THE school at the centre of a serious fraud investigation has been slammed by education bosses.
Glendene Arts Academy has been placed in special measures for a catalogue of failings, including some of the governors not being properly vetted and the improvement plan not being fit for purpose.
Ofsted bosses said the Easington school, which caters for children aged two to 19 years old with special needs, is inadequate in all areas and urgent action needs to be taken to improve the safeguarding of students.
It is another blow for the Crawlaw Road school, where three people were arrested earlier this year as part of a Durham Police investigation.
Glendene was rated as good in March 2012, before leaving local authority control and becoming an academy six months later. Now Durham County Council has been called back in to help put things right at the school.
In their latest report, Ofsted inspectors said problems included the school’s work to keep students safe being inadequate, not all serious incidents that need restraint being recorded, the central record of safe recruitment checks being incomplete and some governors had not undertaken Disclosure and Barring Service (DBS) checks.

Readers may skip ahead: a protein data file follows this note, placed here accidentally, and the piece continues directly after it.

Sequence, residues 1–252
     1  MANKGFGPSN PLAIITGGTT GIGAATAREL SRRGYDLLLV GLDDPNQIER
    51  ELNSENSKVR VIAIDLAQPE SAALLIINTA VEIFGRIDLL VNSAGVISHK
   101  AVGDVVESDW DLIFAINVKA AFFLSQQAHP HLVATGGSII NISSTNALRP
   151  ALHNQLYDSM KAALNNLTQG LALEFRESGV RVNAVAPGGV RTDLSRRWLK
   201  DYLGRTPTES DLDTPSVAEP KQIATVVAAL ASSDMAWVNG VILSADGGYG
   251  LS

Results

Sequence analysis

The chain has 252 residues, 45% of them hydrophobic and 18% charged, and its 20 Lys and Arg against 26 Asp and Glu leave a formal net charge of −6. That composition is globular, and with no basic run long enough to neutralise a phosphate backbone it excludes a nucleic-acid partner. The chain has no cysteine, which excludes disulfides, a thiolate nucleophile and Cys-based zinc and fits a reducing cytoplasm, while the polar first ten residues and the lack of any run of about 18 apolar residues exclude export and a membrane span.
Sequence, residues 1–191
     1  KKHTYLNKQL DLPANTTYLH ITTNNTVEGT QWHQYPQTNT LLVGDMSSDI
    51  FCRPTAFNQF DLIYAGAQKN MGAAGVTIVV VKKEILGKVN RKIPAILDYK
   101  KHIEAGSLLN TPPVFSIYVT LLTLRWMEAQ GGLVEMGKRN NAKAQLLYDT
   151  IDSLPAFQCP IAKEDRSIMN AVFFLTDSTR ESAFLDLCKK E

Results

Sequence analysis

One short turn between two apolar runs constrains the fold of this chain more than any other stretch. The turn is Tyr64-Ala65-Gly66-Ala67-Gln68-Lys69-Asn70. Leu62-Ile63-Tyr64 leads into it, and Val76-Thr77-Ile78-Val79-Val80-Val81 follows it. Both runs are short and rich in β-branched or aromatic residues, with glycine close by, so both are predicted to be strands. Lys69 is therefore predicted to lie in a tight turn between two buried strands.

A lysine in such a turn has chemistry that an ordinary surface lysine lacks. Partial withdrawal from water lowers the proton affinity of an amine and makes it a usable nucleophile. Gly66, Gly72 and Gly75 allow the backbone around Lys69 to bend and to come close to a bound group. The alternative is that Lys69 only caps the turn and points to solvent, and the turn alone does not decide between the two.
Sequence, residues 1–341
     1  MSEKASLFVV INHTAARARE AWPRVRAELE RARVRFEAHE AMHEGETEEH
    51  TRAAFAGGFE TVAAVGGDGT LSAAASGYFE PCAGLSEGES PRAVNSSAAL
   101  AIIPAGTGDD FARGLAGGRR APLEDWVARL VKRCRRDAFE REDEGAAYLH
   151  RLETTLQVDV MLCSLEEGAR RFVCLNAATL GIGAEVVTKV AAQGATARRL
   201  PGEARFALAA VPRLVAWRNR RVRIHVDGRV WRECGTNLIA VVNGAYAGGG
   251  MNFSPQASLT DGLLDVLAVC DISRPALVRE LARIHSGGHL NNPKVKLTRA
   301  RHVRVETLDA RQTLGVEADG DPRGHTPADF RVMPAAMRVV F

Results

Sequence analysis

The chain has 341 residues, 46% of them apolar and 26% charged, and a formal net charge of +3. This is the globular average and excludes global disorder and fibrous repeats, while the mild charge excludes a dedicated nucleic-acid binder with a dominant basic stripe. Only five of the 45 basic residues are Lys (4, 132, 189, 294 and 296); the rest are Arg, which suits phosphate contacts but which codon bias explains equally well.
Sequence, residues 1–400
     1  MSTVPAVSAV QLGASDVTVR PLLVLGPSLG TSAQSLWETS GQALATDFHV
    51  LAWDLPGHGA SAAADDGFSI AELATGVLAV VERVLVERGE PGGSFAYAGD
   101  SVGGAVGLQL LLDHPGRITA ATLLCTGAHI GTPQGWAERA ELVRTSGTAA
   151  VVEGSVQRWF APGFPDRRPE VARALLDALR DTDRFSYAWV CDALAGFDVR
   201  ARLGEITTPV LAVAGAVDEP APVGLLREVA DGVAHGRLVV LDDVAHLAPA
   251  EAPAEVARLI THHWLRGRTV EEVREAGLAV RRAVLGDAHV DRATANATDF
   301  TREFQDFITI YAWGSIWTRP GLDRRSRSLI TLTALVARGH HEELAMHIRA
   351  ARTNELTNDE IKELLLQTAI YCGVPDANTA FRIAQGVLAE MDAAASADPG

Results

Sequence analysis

Inspectors said: “Pupils, especially those who have the most profound-learning difficulties and those who are the most able, do not make enough progress because of weaknesses in assessment and planning for their learning.”
They said teaching is inadequate, behaviour management is not consistent, attendance is too low and staff morale is low.
Vanessa Elcock, acting deputy headteacher at Glendene, said work is under way to bring about “rapid and sustained improvement”.
Those arrested as part of the fraud investigation into the alleged misspending of £162,000, a 57-year-old man and his 56-year-old wife, which the Mail believes to be Eric Baker, principal at Glendene, who is on sick leave, and his wife, Marian Baker, and a 41-year-old man, are on police bail.